The 6 Stages Of An Artist’s Career

© 2011 Vinny Ribas

An artist who has ‘made it’ has most likely reach several major landing points in his or her career. This happens in many different areas of the artist’s career, such as the gigs they played, the recordings they released and the fan base they’ve amassed. After all, success is a process.

Here are the major steps that an artist takes during their career gigs. Find where your career sits right now on this list. It is important that you know this so that you can: a) know what the next step should be in your rise to the top; b) you don’t try to jump to higher steps before you are ready, and; c) you can gauge how far you are from where you want to be.[private_freebie]

Introduction Mode

  • You’re a brand new act, one that has made a change or one that is going into a new geographic market.
  • You are taking every gig you can just to tighten the act and get exposure.
  • You are frustrated because you’re anxious to get some traction.
  • Gigs are scarce.
  • You fight every day to prove yourself.
  • You are aware that you need to outshine the competition.
  • You can’t command anywhere close to top dollar.
  • The band might be wondering if it’s worth the struggle.

Exploration Mode

  • You are searching to find your niche, and it’s becoming clearer.
  • You are getting a regular stream of fans signing up for your mailing list at gigs.
  • You are playing multiple kinds of venues and have started to identify the exact places and audiences that you fit best in.
  • Seeing where you fit into budgets, playing with your asking price and wondering what people would really pay you.
  • You are trying new things on stage to up your performance level.
  • You are seriously tightening the act.
  • Little by little you are discovering what your real selling points are.
  • You’re gaining ground on the competition.
  • You’ve released your first CD and you’re selling it at gigs.

Maintenance Mode

  • You know your audience and have found your niche of venues.
  • You’ve honed your act to please your fans and have a loyal fan following.
  • You keep going back to the same gigs or same kinds of venues.
  • You might have a house gig.
  • Your income stays roughly the same or increases very slowly.
  • You are in your comfort zone.
  • You might settle in to this mode for weeks, months, years or decades.
  • You now have steady income.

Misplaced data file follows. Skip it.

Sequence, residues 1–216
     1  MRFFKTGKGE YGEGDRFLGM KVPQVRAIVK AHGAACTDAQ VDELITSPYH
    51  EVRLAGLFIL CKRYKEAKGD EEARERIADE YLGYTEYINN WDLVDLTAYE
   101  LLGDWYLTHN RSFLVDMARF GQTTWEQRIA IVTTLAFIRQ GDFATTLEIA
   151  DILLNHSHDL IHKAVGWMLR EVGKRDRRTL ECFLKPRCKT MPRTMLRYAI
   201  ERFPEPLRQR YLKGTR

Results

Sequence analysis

• You are the competition the others are trying to buck.
  • Your mailing list is still growing steadily.
  • You’ve released your second CD.
  • You are getting some Internet and maybe even local airplay.

Breakaway Mode

  • You are starting to be in high demand.
  • You can now pick and choose when and where you want to play.
  • You’re getting calls from venues in other cities, regions or even other states.
  • You’re playing to many new audiences and in different venues.
  • Name your price rather than being dictated a price.
  • You are getting airplay, on some terrestrial radio and on popular Internet stations.
  • You have an above average income, but your expenses are also higher.
  • You have a business team, such as a booking agent and manager.
  • You feel like your career is moving ahead.
  • You’ve broken away from the local competition.
  • Your 3rd CD has been widely acclaimed.

Made It Mode

  • You are where you always wanted to be in your career.
  • You have an excess of income above expenses.
  • You have widespread notoriety.
  • You are playing the biggest and best venues.
  • You are on par with the artists you admire.
  • You may reach icon status.
  • You’re at the top of the industry.
  • Your CDs are selling well internationally.

Post Stardom Mode

  • Your light isn’t shining as brightly.
  • You’re tired.
  • You’re not as in demand as you once were, or you’re not in demand at all.
  • There is a new generation that you are trying to appeal to.
  • There is a new generation that has never heard of you.
  • The industry is looking for ‘younger artists’.
  • You still have a following, but many of your fans have moved on to newer acts.
  • You won’t fill the bigger stadiums any more.
  • You’re playing larger clubs.
  • You consider retiring from music, or actually do.

Obviously many artists take different paths. Some never quite get to where they want to be. Others rocket to the top right out of the gate. Some catch a lucky break that enables them to skip a few steps along the way. But if you’re not one of the exceptions to the rule, you should be able to match your career to these milestones.[/private_freebie]

About The Author

Vinny Ribas

Vinny Ribas is the founder and CEO of Indie Connect, an artist management, consulting and training company. The company also hosts networking and educational events and has published an app that connects people to the Nashville Music Industry. During his 40+ year career, Vinny has been a full time musician, artist manager, booking agent, songwriter, studio owner, producer and the Entertainment Director for the NV State Fair. He has also coached over 1000 artists and songwriters. He is a sought after speaker and has authored over 400 music industry articles. Vinny is also the CEO of Top 4M Entertainment, an independent film and television production company.